May 7, 2018

Mexico's proxy wars, the death penalty and gun ownership


Mexico's proxy wars, the death penalty and gun ownership

PRD officers discuss political violence and election options. 
Violence in Mexico continues unabated as criminal bands run amok, roaming communities with a kill list in hand, kidnapping, mutilating, murdering, increasing the specter of terror wherever they operate, too often with permission of local authorities they collude with or intimidate.

Recently, the Mexican news daily El Financiero reported the assassination of Liliana García, a candidate for city council of Ignacio Zaragoza, Chihuahua. She was running as a member of the left-learning Democratric Revolutionary Party (PRD). Candidate killed

Residents reported that a group of heavily armed men who shot Garcia to death also burned properties and a vehicle belonging to a mayoral candidate and another official in the same community. 

In light of the attacks, PRD officers considered asking election officials to postpone the upcoming Ignacio Zaragoza municipal elections, Norte Digital reported. PRD mulls election delay.

Eduardo Aragon Caraveo, founder of the Social Encounter Party (PES) in Chihuahua City, a second murder victim, was reported missing on May 4. His body was found the next day in the trunk of his vehicle. His feet and hands were tied, and he had been shot multiple times, police said.

People who know Aragon said he was an academic with a PhD and a church worship leader who was trying to serve his community.

Mexico's La Jornada newspaper reported that Aragon also led an alliance that supported the candidacy of the left-leaning Manuel Andres Lopez Obrador, who is on his third run for president of in the July 1 election. Aragon Caraveo murdered

A third politician, Abel Montufar Mendoza, a congresisonal representative candidate, was shot to death May 8 in the state of Jalisco. He was a member of the Institutional Revolutionary Party (PRI) and was on leave as mayor of Coyuca de Catalan
to run for representative. 

Investigative magazine Proceso said that Montufar previously had reported threats. Another candidate murder

Over the past 12 years, more than 100 (mostly low-level) politicians - representing all major and some minor political parties - were murdered across Mexico, according to Mexican press accounts. This is stunning. It's something you might expect to see on the eve of a national revolution, although it's not an ideological battle that we're witnessing. 

According to published accounts, unknown assailants have also killed on-duty and off-duty police officers, Catholic priests, and human rights and environmental activists.

Authorities claim that everything is under control. Tell that to the families of literally thousands of people - mostly young adults - who disappeared throughout Mexico and whose whereabouts remains a mystery. Some of them were last seen when they were detained for questioning by security forces.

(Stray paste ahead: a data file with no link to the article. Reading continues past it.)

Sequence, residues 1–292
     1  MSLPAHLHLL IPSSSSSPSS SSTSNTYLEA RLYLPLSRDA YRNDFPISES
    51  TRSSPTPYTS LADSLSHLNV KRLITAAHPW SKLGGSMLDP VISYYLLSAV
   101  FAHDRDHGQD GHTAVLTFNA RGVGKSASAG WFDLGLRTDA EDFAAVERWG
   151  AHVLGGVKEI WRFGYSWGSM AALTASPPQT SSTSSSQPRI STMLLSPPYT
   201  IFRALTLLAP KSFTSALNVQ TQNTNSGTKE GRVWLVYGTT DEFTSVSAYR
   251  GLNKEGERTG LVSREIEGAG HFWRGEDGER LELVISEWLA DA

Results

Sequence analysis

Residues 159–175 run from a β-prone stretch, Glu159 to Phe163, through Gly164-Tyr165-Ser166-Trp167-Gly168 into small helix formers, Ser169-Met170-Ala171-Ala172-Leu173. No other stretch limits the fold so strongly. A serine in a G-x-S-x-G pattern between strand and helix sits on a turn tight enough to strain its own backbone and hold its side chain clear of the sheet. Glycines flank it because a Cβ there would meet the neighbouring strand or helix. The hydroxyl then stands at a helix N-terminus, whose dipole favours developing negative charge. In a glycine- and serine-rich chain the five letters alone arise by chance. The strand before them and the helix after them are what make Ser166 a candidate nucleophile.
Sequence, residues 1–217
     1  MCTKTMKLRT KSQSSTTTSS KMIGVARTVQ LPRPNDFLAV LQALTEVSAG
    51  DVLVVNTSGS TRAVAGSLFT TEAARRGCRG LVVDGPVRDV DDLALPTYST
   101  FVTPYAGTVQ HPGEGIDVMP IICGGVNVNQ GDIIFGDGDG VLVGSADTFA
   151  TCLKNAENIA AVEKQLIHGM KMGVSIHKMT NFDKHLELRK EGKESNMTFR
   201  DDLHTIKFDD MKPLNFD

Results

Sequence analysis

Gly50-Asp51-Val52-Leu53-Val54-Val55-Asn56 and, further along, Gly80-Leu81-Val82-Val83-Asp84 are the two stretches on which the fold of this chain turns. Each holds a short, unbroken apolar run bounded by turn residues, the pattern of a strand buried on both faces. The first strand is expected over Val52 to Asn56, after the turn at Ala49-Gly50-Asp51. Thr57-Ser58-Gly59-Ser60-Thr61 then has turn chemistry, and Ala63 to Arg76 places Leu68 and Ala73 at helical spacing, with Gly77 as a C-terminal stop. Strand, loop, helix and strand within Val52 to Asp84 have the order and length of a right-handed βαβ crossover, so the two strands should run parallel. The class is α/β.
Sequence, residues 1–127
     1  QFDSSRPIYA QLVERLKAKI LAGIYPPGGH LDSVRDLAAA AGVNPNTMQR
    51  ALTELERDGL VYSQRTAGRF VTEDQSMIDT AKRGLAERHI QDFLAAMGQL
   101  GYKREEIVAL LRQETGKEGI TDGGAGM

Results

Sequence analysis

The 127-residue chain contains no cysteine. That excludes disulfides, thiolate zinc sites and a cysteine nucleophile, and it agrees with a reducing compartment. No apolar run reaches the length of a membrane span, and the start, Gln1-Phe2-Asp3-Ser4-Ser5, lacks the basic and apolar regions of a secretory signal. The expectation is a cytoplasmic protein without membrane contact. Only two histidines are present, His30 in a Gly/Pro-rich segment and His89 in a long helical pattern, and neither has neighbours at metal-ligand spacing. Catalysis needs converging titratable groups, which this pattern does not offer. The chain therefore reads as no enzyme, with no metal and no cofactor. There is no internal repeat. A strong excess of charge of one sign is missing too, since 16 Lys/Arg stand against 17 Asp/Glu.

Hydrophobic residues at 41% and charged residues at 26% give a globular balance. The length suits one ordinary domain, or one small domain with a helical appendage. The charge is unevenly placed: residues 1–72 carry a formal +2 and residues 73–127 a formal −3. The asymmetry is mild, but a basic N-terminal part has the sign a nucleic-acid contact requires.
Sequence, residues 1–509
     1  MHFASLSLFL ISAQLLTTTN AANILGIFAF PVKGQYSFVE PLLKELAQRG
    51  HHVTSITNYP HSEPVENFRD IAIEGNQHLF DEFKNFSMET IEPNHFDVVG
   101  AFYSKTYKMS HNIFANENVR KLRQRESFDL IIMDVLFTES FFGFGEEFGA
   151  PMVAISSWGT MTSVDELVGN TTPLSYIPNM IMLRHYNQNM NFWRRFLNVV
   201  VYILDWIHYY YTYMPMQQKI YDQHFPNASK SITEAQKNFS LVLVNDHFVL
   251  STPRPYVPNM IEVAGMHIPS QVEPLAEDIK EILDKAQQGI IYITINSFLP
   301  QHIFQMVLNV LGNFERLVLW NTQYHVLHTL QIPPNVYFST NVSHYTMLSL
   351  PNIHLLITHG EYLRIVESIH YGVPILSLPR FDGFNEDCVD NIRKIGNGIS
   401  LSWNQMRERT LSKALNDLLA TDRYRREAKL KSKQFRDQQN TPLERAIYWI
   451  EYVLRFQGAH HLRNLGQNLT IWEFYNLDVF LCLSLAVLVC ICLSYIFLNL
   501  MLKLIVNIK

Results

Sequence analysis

At this juncture, "proxy wars" is probably the best and most evident term to describe how Mexico's unusual violence has evolved in recent years.

Mexico's "proxy wars" apparently involve organized crime using corrupt police and corrupt politicians/government leaders to eliminate real or perceived threats to their operations; and in parallel fashion, these proxy wars also involve corrupt politicians/corrupt government leaders using organized crime elements, including corrupt police, to take out their political rivals, often ahead of elections.

What's at stake? For the warring factions, it has to do with securing and protecting lucrative crime territories, such as for drug-smuggling and human-trafficking, and having in place the "right" politicians who will do the bidding of crime lords and higher-level corrupt officials.

It's a dangerous time to be a police officer or a politician in Mexico. Actually, anyone who steps foot in the country is a potential victim. The most that anyone can do, justice advocates says, is to file a report with police, which simply gets added to the growing stack of similar complaints.

Death penalty and new gun laws

Since Mexican authorities appear unwilling or unable to take on the marauders, they can at least give their citizens a fighting chance.

Candidate Lopez Obrador was criticized for suggesting an "amnesty" for lawbreakers as a means of achieving a lasting peace in the country. He took a lot of heat for this proposal, especially because he failed to articulate exactly how such an amnesty would work and who would benefit from it.

Instead of coddling criminals, who savagely kill entire families in brazen public attacks, who extort small businesses into oblivion and who peel away Mexico's Pemex infrastructure, the authorities need to consider adopting the death penalty for the worst of the worse. Right now, people are getting away with murder because they can. Mexico needs better disincentives to deter serious offenses. Its legal system also needs credible investigations and prosecutions with sentences that match the crimes.

The Mexican congress also should quickly pass laws that make it easier for citizens to obtain firearms to defend themselves. Mexican citizens have a right under the nation's constitution to own firearms for self-defense in their homes, hunting, and sports, but there is scant public information on how to obtain weapons permits and where to legally buy them.

In fact, many people in Mexico assume that it is illegal for regular people to buy and own firearms, and that only criminals have the luxury of protecting themselves with guns and rifles. We know from police seizures that criminal gangs are armed to the teeth with all sorts of illegal firepower, including military-grade weapons. It's time to level the playing field.

The Digie Zone

[PRD courtesy photo is of the political party's news conference following reports of the violence in Ignacio Zaragoza, Chihuahua.]